Dudeletter Returns!

Hello Readers! May you be filled with sunshine and farts!

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It has been a few weeks of sabbatical and I wanted to start you back off on a good footing and talk about some interesting changes. In general, I realize that the 2.5 million hits we got last year were huge, but scattered. Surprisingly, the articles that got the most hits are longer form articles. So what I am working on is creating less frequent, but longer posts. However, knowing my ADD, I will probably add a few posts here and there about silly things. So thanks again to all of you for reading and I hope I remain mildly entertaining in the future.

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So, in the interest of what is above, lets talk about something of interest; comedy. Being the nerd I am, I listen and watch a lot of comedy, to the point where I am learning the rising stars and shows from my imagined past. In the next few posts, I want to talk about the newest wave of my obsession with comedy and the new revolution in comedy that is happening. From my favorite new podcasts, like my near addiction to How Did this Get Made, which I had to promise Scott to not mention anymore, though I will. There are new humorous game shows, other than the classic Wait, Wait, Don’t Tell Me, TV (IFC) and now Netflix has Bunk!, an Improv game show, Doug Benson has Doug Loves Movies as a podcast, which is a mixture of non-sequitur trivia and absurdity.

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imagesOn top of this, there is amazing improv and sketch work on FX and IFC with shows like Comedy Bang Bang!  and much much more. In general, the biggest issues with digital media is the same throughout; the destruction of the gatekeepers. I know this seems nebulous, but let me explain with the example you are the most familiar with; music. As technology got better, there was a divide. On one hand, music became better quality (in terms of audio) and cheaper to produce to boot. This goes hand and hand with the ability to bootleg/pirate that same material. So as more people attempt to start a career, they will earn less money. In general, this means that more people can survive in the industry as a whole, but there will be less smash successes. We may never have a global moment like the Beatles again, but there will now always be a band you love that no one else knows. The record industry crumbling, you can find your own way. Comedy acts like this now.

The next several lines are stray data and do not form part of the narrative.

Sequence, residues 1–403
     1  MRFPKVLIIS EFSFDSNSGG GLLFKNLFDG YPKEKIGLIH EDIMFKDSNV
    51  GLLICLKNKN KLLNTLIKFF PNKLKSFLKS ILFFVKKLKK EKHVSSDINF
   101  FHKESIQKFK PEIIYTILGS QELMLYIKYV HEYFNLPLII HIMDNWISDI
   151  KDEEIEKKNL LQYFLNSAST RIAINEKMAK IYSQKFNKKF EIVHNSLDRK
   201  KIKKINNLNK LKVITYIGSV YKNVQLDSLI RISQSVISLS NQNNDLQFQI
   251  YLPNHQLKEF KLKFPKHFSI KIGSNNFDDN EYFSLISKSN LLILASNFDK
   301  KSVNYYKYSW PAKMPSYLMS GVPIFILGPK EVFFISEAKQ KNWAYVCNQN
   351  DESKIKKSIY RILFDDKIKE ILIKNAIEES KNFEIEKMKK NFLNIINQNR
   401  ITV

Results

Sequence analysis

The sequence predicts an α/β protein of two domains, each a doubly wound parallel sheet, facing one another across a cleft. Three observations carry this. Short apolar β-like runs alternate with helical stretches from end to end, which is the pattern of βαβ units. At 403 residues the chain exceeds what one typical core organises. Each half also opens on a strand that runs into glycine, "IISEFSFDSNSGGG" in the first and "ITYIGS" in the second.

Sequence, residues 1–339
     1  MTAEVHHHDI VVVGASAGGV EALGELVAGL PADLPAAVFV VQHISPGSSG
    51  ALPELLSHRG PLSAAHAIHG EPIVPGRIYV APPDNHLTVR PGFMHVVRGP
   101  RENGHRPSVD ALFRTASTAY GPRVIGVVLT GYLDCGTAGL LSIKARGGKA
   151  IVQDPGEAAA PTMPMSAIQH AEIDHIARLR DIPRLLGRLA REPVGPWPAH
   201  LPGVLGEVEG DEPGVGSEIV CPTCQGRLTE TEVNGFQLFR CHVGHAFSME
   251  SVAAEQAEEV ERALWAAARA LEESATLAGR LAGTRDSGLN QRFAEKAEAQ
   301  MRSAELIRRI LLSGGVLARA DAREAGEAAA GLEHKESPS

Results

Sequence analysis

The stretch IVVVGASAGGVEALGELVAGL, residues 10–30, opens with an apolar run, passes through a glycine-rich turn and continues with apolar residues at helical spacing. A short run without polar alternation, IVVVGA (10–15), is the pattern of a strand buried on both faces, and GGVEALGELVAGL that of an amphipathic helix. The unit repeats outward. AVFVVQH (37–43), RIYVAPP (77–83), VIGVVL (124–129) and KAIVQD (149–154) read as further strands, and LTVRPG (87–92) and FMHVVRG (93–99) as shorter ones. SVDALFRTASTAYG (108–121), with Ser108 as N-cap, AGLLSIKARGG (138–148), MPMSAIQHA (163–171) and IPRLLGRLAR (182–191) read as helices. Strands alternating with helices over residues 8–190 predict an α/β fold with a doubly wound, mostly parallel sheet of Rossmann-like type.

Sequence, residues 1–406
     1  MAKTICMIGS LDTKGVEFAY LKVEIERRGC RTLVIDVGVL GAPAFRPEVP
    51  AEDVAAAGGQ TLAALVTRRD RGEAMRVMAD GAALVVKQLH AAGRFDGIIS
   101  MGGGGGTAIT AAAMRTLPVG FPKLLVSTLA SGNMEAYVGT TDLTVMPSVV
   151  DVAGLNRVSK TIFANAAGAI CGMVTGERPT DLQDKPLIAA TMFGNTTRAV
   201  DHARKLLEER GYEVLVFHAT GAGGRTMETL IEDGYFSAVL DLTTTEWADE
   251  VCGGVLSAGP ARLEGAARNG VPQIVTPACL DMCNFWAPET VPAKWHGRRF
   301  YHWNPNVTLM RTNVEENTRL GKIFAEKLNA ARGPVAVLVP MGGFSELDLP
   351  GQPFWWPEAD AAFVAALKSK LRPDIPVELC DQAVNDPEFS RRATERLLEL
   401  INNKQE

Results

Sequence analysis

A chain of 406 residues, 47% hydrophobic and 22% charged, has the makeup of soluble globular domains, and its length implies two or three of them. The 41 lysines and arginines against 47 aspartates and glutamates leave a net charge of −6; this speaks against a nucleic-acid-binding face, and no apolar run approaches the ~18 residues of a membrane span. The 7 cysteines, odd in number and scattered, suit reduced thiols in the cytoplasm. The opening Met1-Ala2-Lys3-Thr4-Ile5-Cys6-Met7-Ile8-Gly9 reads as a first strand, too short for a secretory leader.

In the comedy waves in the past it was the play/radio/movie/television rivalry between comedy and drama. However, until the sudden availability of podcasts and hundreds of TV stations, the investment needed to get a person available to the public was huge and potentially catastrophic. Therefore, comedy was watered down to appeal to the greatest common denominator, trying to guarantee appeal.  Clearly, this has created some great successes, from Animal House to Seinfeld, but overall the fun and fringe were pushed away. This caused a self-destruction in the 1990s where the comedy bubble burst as everyone tried to clone others success to the point of collapse. Now, though, with excellent quality audio and video cheap as free, podcasting and videos online (like Funny or Die or Channel 101) that people flock to them. Podcasting is so important now, that Mel Brooks did both WTF and the Nerdist. This is coupled with a new wave of TV shows that introduce us to new stand up comedians, sketch guys, and animation, making comedian available through out.

The media landscape may produce less big hits, but as the market becomes freer, there is such a high quality of creation that those who are selling a good product will thrive.

Enjoy,

Nicolas Hoffmann

 

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